When it comes to putting together a wedding ceremony, one of the first things that many people think of are readings. And there's a good reason why — so many of us have such a strong connection with words. Finding the right quotes, poems, or passages that capture a feeling or a moment can help us when we aren't feeling especially creative, or can't find our own words to share how we feel.
But where can you find these perfect words to include in your ceremony? And how can you include them?
How to find a reading
If your wedding has a specific theme (like Renaissance, literature, the season you are being married), that's a great place to start. But as you're developing your ceremony, maybe you will find a theme that emerges, too.
I wrote a wedding for a couple who was going to be married in the backyard of their home, which they had completely renovated together to fit their blended family. I immediately jumped online and began searching for the perfect quote or poem about a home, or a house, and love.
Here's the quote I found, and how I incorporated it into the wedding:
As someone once said, “It takes hands to build a house, but only hearts can build a home.” [Our Couple] have opened their hearts not only to each other, but to everyone in their lives. This love is what makes their house into a home.
A favorite of mine to include when I do a wine sharing ritual is a quote from Galileo I found: “Wine is sunlight held together by water.”
With a unique custom tea sharing ceremony, I used this quote from Thích Nhất Hạnh:
Drink your tea slowly and reverently, as if it is the axis on which the world earth revolves — slowly, evenly, without rushing toward the future.
I had a couple last year who could not find a reading that they connected with, so I asked them for a few of their favorite authors, and found this beautiful poem by Neil Gaiman, which he had written for a friend's wedding. A little bit of creative Googling can go a long way. [Although do your research carefully: Google can be an inaccurate resource when it comes to quote attribution. -Eds.]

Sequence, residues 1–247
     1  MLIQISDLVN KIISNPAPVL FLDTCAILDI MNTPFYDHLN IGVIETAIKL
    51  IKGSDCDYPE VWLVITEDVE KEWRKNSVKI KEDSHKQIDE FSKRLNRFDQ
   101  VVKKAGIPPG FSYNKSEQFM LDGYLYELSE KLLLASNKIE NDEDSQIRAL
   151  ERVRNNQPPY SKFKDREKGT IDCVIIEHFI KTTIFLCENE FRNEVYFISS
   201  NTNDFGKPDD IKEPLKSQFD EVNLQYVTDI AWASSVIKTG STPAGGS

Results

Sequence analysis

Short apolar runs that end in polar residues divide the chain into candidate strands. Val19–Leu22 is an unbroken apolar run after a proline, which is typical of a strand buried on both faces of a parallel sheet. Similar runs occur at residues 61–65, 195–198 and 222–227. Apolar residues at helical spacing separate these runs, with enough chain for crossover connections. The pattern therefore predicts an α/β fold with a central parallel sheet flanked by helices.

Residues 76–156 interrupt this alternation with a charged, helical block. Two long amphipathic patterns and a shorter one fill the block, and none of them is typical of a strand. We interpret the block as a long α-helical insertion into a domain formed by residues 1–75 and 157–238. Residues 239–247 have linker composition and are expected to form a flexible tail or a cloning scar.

You can also find inspiration from words. If there is a poem or reading that you already know you want to include, why not extrapolate a theme from there? It's kind of a backwards version of when I search for a quote — instead of trying to find the theme of the ceremony as I write it, I use the theme I found in the reading and let that guide me.
A passage I just love is one from Louis de Berniere's novel, Corelli's Mandolin. This is a slightly edited version:
Love is a temporary madness. It erupts like an earthquake and then subsides. And when it subsides you have to make a decision. You have to work out whether your roots have become so entwined together that it is inconceivable that you should ever part. Because this is what love is. Love is not breathlessness, it is not excitement, it is not the promulgation of promises of eternal passion. That is just being “in love” which any of us can convince ourselves we are. Love itself is what is left over when being in love has burned away, and this is both an art and a fortunate accident. Your mother and I had it, we had roots that grew towards each other underground, and when all the pretty blossom had fallen from our branches we found that we were one tree and not two.
I'll often then follow it up with these remarks, to tie it into the rest of the ceremony:
In your time together, your roots have grown towards each other, and your past, present, and future will be forever intertwined. Today, we are here to celebrate this commitment and devotion, as we together look towards the future you will share.
Where to use your readings in the ceremony
I like to incorporate the readings into the ceremony where they fit best. To throw a little ritual theory at you, each ceremony echoes the three stages outlined by Arnold Van Gennep, that echo the actual life passage that is being undergone: separation, transition, and incorporation. The de Berniere piece fits best in incorporation to me — taking the knowledge that the couple has learned about themselves in their time together, and looking towards the future that they will share to build a sustainable relationship. By placing the readings where they fit the best, your guests won't feel overwhelmed, confused, or (worst of all!) bored, because the readings will move the theme of the ceremony along.
Many ceremonies feel they need to include a reading or two, which is fine. Remember: this is your wedding, and there aren't really any requirements. We can make our own rules. Include the words that have meaning for you, and it will make your ceremony even more personal.
officiant: Eclectic Unions by Celebrant Jessie Blum